sed usage

choppy812

New Member


Messages: 15

When I set up FreeBSD, I followed an online guide that used sed to modify a few conf files. One was like this:
# sed -i 's/datasize-cur=768M/datasize-cur=4096M/' /etc/login.conf

But now while going through a book on sed, I try this on a regular file and get an error.
$ sed -i 's/MA/Mass/' list.txt
sed: 1: "list.txt": extra characters at the end of l command


Some googling shows that some versions of sed require sed -i '' -- empty single quotes first. That does work, but if sed requires that on FreeBSD, why didn't it give me the same error when I used it on /etc/login.conf?

list.txt
Code:
John Daggett, 341 King Road, Plymouth MA
Alice Ford, 22 East Broadway, Richmond VA
Orville Thomas, 11345 Oak Bridge Road, Tulsa OK
Terry Kalkas, 402 Lans Road, Beaver Falls PA
Eric Adams, 20 Post Road, Sudbury MA
Hubert Sims, 328A Brook Road, Roanoke VA
Amy Wilde, 334 Bayshore Pkwy, Mountain View CA
Sal Carpenter, 73 6th Street, Boston MA
 

olli@

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Messages: 475

When I set up FreeBSD, I followed an online guide that used sed to modify a few conf files. One was like this:
# sed -i 's/datasize-cur=768M/datasize-cur=4096M/' /etc/login.conf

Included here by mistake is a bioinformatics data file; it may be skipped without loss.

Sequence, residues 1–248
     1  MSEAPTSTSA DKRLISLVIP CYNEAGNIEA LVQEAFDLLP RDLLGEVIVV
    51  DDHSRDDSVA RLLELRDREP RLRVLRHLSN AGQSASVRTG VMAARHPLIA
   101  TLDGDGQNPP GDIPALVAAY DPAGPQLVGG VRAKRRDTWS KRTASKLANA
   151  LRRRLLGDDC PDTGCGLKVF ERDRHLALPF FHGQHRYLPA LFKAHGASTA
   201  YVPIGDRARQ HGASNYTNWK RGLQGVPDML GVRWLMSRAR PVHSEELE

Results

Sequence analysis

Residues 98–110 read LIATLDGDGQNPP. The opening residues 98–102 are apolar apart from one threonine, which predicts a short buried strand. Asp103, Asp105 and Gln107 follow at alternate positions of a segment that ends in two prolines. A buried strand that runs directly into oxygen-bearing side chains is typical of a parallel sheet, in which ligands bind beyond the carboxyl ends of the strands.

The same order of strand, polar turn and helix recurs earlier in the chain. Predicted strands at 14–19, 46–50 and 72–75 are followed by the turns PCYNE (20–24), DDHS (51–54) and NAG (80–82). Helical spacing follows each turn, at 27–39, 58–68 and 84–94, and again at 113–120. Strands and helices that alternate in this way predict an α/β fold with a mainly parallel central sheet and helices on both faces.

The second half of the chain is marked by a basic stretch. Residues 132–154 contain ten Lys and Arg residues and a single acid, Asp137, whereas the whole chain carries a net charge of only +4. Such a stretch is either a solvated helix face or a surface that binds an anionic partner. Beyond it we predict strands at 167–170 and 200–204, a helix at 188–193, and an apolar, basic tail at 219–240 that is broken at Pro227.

But now while going through a book on sed, I try this on a regular file and get an error.
$ sed -i 's/MA/Mass/' list.txt
sed: 1: "list.txt": extra characters at the end of l command


Some googling shows that some versions of sed require sed -i '' -- empty single quotes first.
Actually, the POSIX standard does not specify the -i option at all, so different operating systems implemented it in slightly different ways. FreeBSD (and BSD in general) tries to avoid optional arguments for options (because of consistency reasons), so that's why you always have to specify one with -i.
That does work, but if sed requires that on FreeBSD, why didn't it give me the same error when I used it on /etc/login.conf?
I'm pretty sure it did. Maybe you overlooked it. Or the command was slightly different from the one you quoted above.
 

ddeimeke

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Messages: 13